Originally Appeared in The New York Times.
Feb. 22, 2019
Aiden and Ethan Dvash-Banks are twin brothers who were born minutes apart.
But only one of them was considered to be a United States citizen by the State Department. A federal judge ruled this week that was a mistake.
The twins are the sons of two married gay men, an American citizen and an Israeli citizen. Aiden was conceived using sperm from his American father and Ethan was conceived using sperm from his Israeli father, court records show. A surrogate mother gave birth to the boys in Canada in 2016.
The family sued the State Department for denying Ethan citizenship, drawing attention to a department policy that says that a child born abroad must be biologically related to an American parent to become a citizen. Gay rights activists argued that the policy harms same-sex couples, who often use assisted reproductive technology to have children.
“Two kids who have almost identical life experiences and parenting,” said Aaron C. Morris, a lawyer for the family and the executive director of Immigration Equality, a legal advocacy group that worked on the case. “To treat them differently is absurd.”
In a ruling on Thursday, Judge John F. Walter of Federal District Court for the Central District of California said that Ethan should be recognized as a citizen since birth. The judge ruled that federal law does not require a child born to married parents to prove a biological relationship with both parents.
The State Department said in a statement on Friday that it was reviewing the ruling, but did not respond to questions about what it would mean for the policy going forward.
The twins, now 2 years old, were born to Andrew Dvash-Banks, an American citizen, and Elad Dvash-Banks, an Israeli citizen. The couple met in Israel and married in Canada in 2010 before having their sons with the help of assisted reproductive technology, according to their lawsuit.
After the twins were born, their parents went to the United States Consulate in Toronto to certify the children’s American citizenship and get United States passports. But they were told that the twins had to take a DNA test to prove a genetic connection to Andrew, the lawsuit said.
Ethan was denied citizenship because Andrew was not his biological father, according to a copy of a letter from the State Department included in the lawsuit.
“If we were a straight couple and I was an Israeli woman and both of our names were on both kids’ birth certificates, would you ever require us to perform a DNA test?” Elad said in a video about the case posted by the immigration advocacy group.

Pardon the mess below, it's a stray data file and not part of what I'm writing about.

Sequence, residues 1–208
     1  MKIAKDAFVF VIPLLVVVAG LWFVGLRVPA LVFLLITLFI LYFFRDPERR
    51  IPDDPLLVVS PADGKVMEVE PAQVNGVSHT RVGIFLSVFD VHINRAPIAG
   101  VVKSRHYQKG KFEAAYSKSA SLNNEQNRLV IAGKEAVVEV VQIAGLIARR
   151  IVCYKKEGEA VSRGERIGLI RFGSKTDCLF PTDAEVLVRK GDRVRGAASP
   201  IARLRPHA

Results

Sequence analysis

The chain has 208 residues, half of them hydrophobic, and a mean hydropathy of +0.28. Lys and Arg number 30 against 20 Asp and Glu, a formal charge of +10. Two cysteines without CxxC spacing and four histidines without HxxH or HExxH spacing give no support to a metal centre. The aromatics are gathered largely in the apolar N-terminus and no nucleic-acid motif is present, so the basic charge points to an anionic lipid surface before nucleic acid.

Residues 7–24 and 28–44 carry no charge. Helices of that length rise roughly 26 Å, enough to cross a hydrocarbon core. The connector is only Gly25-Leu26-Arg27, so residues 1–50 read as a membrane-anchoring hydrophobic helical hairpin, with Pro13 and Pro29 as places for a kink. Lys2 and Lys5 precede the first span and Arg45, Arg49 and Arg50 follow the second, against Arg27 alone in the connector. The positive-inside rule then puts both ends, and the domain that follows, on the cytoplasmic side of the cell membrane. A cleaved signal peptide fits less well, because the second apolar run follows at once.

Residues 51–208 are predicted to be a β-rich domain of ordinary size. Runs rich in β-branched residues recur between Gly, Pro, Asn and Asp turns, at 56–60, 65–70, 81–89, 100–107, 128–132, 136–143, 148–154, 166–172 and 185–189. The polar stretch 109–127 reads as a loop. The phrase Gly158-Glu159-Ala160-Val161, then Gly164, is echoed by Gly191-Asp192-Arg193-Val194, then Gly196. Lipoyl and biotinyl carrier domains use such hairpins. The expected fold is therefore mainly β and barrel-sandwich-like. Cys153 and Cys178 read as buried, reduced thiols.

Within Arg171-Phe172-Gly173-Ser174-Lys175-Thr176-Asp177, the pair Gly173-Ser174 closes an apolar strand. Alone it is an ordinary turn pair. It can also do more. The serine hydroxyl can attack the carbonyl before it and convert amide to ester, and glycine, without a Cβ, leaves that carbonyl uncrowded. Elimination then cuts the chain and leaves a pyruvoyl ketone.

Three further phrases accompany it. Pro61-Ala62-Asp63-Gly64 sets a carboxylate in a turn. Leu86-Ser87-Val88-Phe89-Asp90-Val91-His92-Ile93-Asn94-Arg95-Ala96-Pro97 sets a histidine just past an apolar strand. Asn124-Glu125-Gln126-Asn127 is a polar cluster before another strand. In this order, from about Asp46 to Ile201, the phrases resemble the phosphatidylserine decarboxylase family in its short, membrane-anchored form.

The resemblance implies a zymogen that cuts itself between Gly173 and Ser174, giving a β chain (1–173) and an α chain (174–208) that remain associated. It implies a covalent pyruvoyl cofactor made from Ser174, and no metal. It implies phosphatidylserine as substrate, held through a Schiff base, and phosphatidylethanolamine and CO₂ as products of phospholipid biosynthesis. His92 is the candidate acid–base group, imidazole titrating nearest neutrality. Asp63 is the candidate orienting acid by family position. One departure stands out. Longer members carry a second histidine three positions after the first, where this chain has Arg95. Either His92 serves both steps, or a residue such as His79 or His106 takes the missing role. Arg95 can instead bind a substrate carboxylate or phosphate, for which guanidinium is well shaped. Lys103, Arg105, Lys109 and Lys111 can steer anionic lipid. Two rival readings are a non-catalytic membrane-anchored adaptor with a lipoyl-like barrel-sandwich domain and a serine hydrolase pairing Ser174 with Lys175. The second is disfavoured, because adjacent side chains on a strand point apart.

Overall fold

When the Dvash-Bankses decided to move to Los Angeles to be near Andrew’s family in 2017, same-sex marriage had been legalized and three of the four family members were eligible to live in the United States. But Ethan was allowed into the country only on a tourist visa, which expired that December, according to the lawsuit.
The couple sued the State Department the next month, with the help of Immigration Equality, the legal advocacy group, which works on behalf of L.G.B.T. immigrants and their families.
Mr. Morris, the group’s executive director, said that Ethan was living as an undocumented baby in California, which caused daily anxiety for the family and made it difficult for him to get to know his extended family in Israel.
“It took a very long time before he got to meet his grandparents,” Mr. Morris said. “When they did their taxes, they didn’t have a Social Security number for Ethan. Enrolling him in day care was complicated. This was an everyday frustration.”
In his ruling this week, Judge Walter called the State Department’s interpretation of the citizenship law “strained.”
But the ruling stopped short of striking down the State Department’s policy over all and does not necessarily apply to other families, according to Mr. Morris. Immigration Equality is fighting a similar case in Washington on behalf of a same-sex couple living in London.
Mr. Morris said he hoped the ruling would be “persuasive” to other courts and would perhaps compel the government to change its policy voluntarily.
“It is one more in a series of cases telling the State Department that they are getting the policy wrong,” he said.
For the Dvash-Bankses, at least, the ruling brought fast relief. Afterward, Elad and Andrew told their toddlers the news, as the boys chomped on bananas and smiled.
“Not knowing whether Ethan would be allowed to stay in the U.S. is something we went to bed with every night,” Andrew said in a statement issued by the advocacy group.
“Now,” he said, “our family is whole and safe.”